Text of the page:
But if you’re currently renting without insurance, you may want to reconsider.
Tenant insurance is surprisingly affordable, often working out to less than a dollar a day. In return, you get coverage not only for your contents (regardless of whether they’re in your home or not), but also for liability.
Think about every item of value you own – all your electronics, clothing, kitchenware, furniture, books. What would you do if a fire started while you were out and they were all destroyed?
Unless you have tenant insurance, you wouldn’t receive anything to help you recoup your losses and start over.
Many renters mistakenly believe that their contents are covered under their landlord’s insurance policy. This is incorrect. Landlords have property insurance for the building itself, but that doesn’t extend to their tenants’ possessions.
Tenant insurance will protect your possessions (contents) from loss or damage due to situations like fire, theft, certain water damage and vandalism . What’s more, if your home or apartment is seriously damaged due to an insured loss, tenant insurance will also cover your additional living expenses while it’s being repaired.
Accidentally leaving a stove burner on is easy to do. Replacing all your possessions after a fire, without insurance, is not.
Something else many people don’t realize is that coverage for your possessions applies even if they are not in your home . If your car gets broken into while you’re out running errands and someone makes off with your GPS device and CD collection, all that stuff would be deemed “property” and would be covered under your tenant insurance, not your car insurance.
Continuing with the same example, imagine that the fire not only destroyed your possessions, but also spread to other units and damaged other people’s property. An investigation determines that you left a burner on and are thus responsible for covering everyone’s losses.
It seems like a nightmare, but it could happen.
Thankfully, tenant insurance also provides liability coverage for damage you might cause to other people’s property due to an insured loss. So in this scenario, you would be covered.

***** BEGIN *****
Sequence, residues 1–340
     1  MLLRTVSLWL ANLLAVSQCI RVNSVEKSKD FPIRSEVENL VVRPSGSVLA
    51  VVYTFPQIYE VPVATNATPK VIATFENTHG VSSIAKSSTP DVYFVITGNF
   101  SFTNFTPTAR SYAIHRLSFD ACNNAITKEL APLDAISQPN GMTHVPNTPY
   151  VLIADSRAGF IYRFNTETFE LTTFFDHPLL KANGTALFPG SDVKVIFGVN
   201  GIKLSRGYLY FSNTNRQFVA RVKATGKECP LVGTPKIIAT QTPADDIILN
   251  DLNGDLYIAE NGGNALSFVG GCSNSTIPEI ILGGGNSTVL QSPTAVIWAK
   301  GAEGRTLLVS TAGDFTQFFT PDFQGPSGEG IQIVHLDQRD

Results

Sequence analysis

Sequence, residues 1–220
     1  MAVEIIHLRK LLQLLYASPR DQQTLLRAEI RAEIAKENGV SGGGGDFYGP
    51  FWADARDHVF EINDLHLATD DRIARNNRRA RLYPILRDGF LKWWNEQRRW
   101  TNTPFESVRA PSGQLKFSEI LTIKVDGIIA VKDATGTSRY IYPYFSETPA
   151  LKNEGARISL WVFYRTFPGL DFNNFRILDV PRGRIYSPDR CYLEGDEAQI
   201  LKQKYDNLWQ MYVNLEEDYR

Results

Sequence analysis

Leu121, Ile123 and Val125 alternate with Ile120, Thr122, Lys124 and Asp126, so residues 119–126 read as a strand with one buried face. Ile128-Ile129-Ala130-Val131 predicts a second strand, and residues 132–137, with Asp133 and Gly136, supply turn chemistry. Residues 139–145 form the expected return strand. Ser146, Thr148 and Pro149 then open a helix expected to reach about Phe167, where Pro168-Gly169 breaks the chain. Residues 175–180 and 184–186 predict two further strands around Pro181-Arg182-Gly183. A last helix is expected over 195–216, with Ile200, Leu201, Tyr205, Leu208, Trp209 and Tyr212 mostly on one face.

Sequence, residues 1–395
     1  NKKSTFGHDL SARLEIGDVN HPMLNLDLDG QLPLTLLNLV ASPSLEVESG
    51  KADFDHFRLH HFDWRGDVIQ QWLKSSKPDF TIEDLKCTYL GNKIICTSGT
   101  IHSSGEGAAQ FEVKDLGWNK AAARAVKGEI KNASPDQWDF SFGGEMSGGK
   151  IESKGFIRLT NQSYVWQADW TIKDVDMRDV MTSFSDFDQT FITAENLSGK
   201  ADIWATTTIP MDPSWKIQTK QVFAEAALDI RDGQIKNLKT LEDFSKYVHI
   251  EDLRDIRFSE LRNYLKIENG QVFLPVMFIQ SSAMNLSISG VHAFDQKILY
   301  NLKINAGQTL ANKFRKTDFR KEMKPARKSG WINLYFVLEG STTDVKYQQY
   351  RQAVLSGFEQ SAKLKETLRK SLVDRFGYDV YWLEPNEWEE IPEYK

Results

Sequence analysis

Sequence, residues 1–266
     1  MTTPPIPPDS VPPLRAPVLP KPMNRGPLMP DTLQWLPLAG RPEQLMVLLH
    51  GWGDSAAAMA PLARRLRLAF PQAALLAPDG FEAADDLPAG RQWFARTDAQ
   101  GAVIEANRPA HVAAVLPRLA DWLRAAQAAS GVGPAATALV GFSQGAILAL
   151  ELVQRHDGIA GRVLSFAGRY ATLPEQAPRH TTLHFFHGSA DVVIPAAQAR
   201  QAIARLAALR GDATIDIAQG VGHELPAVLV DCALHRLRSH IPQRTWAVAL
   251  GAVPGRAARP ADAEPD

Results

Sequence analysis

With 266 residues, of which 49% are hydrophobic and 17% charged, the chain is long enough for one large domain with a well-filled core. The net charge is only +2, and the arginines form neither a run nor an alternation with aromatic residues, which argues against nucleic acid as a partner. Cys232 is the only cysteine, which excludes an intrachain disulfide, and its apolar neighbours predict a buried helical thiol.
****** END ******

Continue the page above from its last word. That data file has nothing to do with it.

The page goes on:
Liability coverage applies as well if someone is hurt due to your negligence. Thus if a guest slips and falls because of a wet floor in your apartment and decides to sue, you wouldn’t have to worry about paying damages in court.
What Should You Know Before Getting Tenant Insurance?
Before getting tenant insurance, you should take an inventory of your possessions to get a sense of how much coverage you need for your insurance policy.
The Insurance Bureau of Canada has a Personal Property Inventory form that makes it easier for you to take an inventory of all your possessions. Print out a copy and bring it with you around your home or apartment, making note of what you own (you will probably be amazed at how much stuff you’ve acquired!).
Add up the approximate value of all of your possessions so you know how much coverage to ask for.
Some other tips:
- Take photos or video footage of your more valuable possessions
- Save any warranties, instruction manuals, and receipts as proof of ownership
- Store your Personal Property Inventory form along with your warranties, instruction manuals, and receipts in a safe place outside of your home (like a safety deposit box or online)
- Review your Personal Property Inventory form every year to update the value of your possessions
If the worst happens and you need to make an insurance claim to cover your damaged or stolen possessions, this information will act as proof of their value. Having it readily available will make the process of filing a claim much easier, saving you time and money.
Many landlords now require you to have a tenant insurance policy before you can sign a lease. Protecting your contents from loss or damage as a tenant just makes sense.
A few dollars a month buys you peace of mind when it comes to the things you hold dear, while also protecting you from certain types of liability. Learn more about insuring your home or apartment or get a quote.
These tips are provided for information and prevention purposes only. They are general in nature, and Desjardins Insurance cannot be held liable for them. We recommend using caution and consulting an expert for comprehensive, tailored advice.
In Quebec, Desjardins Insurance refers to Desjardins General Insurance Inc. In Ontario and Alberta, Desjardins Insurance refers to Certas Direct Insurance Company, underwriter of automobile and property insurance.